November 23, 2017
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'Love Never Dies' at Dr. Phillips Center is a maddeningly misguided sequel to 'Phantom of the Opera'
As anyone who has suffered through Bring Back Birdie or The Best Little Whorehouse Goes Public knows, Broadway has ignoble history when it comes to sequel-izing hit musicals. But after decades of development and productions on 3 different continents, one would have hoped for something better than Love Never Dies, the maddeningly misguided continuation of Phantom of the Opera that’s currently visiting Orlando’s Dr. Phillips Center. This new North American tour revives the beloved characters from Andrew Lloyd Webber’s blockbuster original, but forgets everything that made audiences fall in love with them the first time around.
A decade after the curtain fell on the original play, the story picks up in New York City, where the Phantom (Bronson Norris Murphy) is overseeing a Coney Island sideshow. He lures his protege Christine Daeé to his theater for a command performance of his latest song, but when she arrives with husband Raoul (Sean Thompson) and son Gustave (Jake Heston Miller on opening night, alternating with Casey Llyons), old romantic rivalries once again erupt into kidnappings and violence.
Sir Webber’s recitative-riddled score is hardly his strongest. There are only a handful of humable songs, the opening “’Til I Hear You Sing” and “Once Upon Another Time” chief among them. The title track is an insipid earworm, while others sound so much like royalty-free knockoffs of the original soundtrack (“Dear Old Friend” is an amusingly attempt to ape Phantom’s “Notes”) that if Webber didn’t frequently weave in famous themes like “Angel of Music,” you’d think this was unauthorized fan-fiction. Glen Slater’s simple-minded lyrics are serviceable at best, following Charles Hart and Richard Stilgoe’s literate poetry with repetitive rhymes like “voice/choice.”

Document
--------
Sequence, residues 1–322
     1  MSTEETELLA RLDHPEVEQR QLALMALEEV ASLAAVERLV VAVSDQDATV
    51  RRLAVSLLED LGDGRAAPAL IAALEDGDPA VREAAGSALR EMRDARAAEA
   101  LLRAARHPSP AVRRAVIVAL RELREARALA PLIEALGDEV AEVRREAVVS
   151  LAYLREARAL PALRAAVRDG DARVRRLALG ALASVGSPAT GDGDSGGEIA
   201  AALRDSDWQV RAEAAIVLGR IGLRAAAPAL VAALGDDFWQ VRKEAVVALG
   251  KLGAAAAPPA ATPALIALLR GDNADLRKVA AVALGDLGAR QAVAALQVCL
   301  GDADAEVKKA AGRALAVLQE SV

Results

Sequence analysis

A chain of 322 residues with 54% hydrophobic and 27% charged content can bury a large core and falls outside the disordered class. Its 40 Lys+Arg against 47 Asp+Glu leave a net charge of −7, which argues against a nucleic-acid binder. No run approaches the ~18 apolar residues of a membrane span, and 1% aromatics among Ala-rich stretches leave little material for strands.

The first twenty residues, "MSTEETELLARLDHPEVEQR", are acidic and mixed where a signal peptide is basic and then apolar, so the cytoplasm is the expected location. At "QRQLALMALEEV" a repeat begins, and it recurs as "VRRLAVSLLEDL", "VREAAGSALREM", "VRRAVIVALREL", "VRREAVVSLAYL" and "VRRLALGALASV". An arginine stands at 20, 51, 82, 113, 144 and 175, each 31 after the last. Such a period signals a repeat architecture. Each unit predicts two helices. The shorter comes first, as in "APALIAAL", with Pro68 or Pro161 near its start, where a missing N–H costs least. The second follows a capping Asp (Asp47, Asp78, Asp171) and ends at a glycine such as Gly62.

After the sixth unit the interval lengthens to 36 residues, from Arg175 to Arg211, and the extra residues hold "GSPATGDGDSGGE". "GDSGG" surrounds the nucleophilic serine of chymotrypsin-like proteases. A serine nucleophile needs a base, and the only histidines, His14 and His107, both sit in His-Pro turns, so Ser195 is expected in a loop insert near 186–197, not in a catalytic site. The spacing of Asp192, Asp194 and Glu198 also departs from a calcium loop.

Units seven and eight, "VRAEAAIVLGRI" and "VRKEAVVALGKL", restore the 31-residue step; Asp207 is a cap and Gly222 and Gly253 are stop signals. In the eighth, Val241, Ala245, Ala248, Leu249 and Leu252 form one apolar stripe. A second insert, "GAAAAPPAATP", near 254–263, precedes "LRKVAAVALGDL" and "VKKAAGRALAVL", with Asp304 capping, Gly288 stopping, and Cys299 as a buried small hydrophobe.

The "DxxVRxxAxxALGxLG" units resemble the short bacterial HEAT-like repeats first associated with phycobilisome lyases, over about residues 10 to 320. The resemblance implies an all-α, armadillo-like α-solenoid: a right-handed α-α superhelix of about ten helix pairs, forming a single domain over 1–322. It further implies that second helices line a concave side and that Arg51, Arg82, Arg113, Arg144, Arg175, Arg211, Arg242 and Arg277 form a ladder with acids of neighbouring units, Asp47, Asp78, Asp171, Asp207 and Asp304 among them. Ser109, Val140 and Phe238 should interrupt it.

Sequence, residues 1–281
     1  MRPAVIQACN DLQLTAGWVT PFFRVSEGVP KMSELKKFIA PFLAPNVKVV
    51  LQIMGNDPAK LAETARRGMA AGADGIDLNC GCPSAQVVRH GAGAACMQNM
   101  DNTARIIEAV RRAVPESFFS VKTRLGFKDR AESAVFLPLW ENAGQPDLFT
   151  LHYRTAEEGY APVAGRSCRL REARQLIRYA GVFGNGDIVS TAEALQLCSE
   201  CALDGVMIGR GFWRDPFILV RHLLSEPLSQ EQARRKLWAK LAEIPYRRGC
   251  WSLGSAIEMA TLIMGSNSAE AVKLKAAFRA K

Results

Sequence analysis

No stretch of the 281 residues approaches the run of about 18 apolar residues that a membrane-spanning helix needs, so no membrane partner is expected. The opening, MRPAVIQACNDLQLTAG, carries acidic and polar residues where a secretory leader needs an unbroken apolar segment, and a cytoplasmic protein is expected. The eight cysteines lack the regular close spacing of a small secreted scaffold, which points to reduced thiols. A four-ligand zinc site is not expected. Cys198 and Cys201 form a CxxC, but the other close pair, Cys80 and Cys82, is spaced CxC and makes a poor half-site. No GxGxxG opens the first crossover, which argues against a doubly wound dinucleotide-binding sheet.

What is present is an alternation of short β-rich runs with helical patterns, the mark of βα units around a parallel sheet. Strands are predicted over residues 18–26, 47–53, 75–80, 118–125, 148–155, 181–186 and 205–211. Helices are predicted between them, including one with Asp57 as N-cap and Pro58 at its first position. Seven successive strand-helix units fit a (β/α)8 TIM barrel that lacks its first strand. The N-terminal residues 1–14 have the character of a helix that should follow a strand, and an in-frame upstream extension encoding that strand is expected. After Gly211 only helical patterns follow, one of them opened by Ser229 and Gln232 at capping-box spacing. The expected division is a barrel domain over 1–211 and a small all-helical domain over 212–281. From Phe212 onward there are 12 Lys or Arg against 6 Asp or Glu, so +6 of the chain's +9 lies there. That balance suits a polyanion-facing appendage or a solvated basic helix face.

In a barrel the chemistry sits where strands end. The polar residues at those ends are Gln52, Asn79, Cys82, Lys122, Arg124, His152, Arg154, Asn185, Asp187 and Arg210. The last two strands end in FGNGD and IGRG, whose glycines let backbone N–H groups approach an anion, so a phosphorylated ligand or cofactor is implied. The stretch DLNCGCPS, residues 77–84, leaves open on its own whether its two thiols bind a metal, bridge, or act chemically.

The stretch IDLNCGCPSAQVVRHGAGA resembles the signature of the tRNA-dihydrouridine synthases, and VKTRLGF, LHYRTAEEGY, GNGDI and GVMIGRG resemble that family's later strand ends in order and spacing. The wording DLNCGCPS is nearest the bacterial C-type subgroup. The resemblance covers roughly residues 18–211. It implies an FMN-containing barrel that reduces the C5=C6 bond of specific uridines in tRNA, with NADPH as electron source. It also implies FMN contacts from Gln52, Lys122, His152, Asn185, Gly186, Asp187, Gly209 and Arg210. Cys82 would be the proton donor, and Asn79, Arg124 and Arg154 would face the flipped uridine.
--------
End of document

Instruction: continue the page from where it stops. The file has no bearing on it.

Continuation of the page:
However, it’s the story and script – credited to Webber and Ben Elton with Slater and Frederick Forsyth (author of the novel Phantom of Manhattan) – that dooms this show, by disregarding basic facts established in the first Phantom. I won’t spoil the play’s pulpy plot twist, but it depends on not only retconing the timeline of original’s narrative, but reimagining the relationship between Christine and the Phantom as a consensual romance rather than the abusive horrorshow Gaston Leroux intended. The dramatalurgical damage isn’t confined to the leading couple, either: Raoul has inexplicably become an alcoholic ass, and Madame Giry (Karen Mason) and her daughter Meg (Mary Michael Patterson) have become amoral gold-diggers, eliminating any carryover characters to root for. Despite aging 10 years, the characters all act aggressively immaturely; I ended up feeling empathy only for the colorful trio of sideshow freaks (Katrina Kemp, Stephen Petrovich, Richard Koons) who – like us – are forced to witness this farce.
The cast and creative team do their level best to polish this Thanksgiving turkey, but even Gabriela Tylesova’s sumptuous cirque-influenced costumes and sets are too little, too late. Director Simon Phillips mostly has his actors “park and bark” in static old-school opera style, sorely underutilizing choreographer Graeme Murphy. And for a show about a master illusionist there’s a distinct absence of stage effects, with no “wow” moments to approach Phantom’s floating candles or crashing chandelier. The leads' powerful classically-cultivated singing voices are the production’s saving grace, but while I’d pay to hear Picerno sing her role in the original, Murphy undermines his musicality with distractingly overwrought contortions that resemble Lon Chaney performing Kabuki (and not in a good way).
Despite its checkered history, the high school kid inside me who repeatedly bought student rush tickets to Phantom’s original Broadway run really wanted to give Love Never Dies the benefit of the doubt. Now that I’ve experienced it, the best advice I can give to the millions of people who made its predecessor the world’s most popular musical is to skip out on this fatally flawed follow-up. Love may never die, but if you see this show your emotional attachment to its classic characters might be mortally wounded.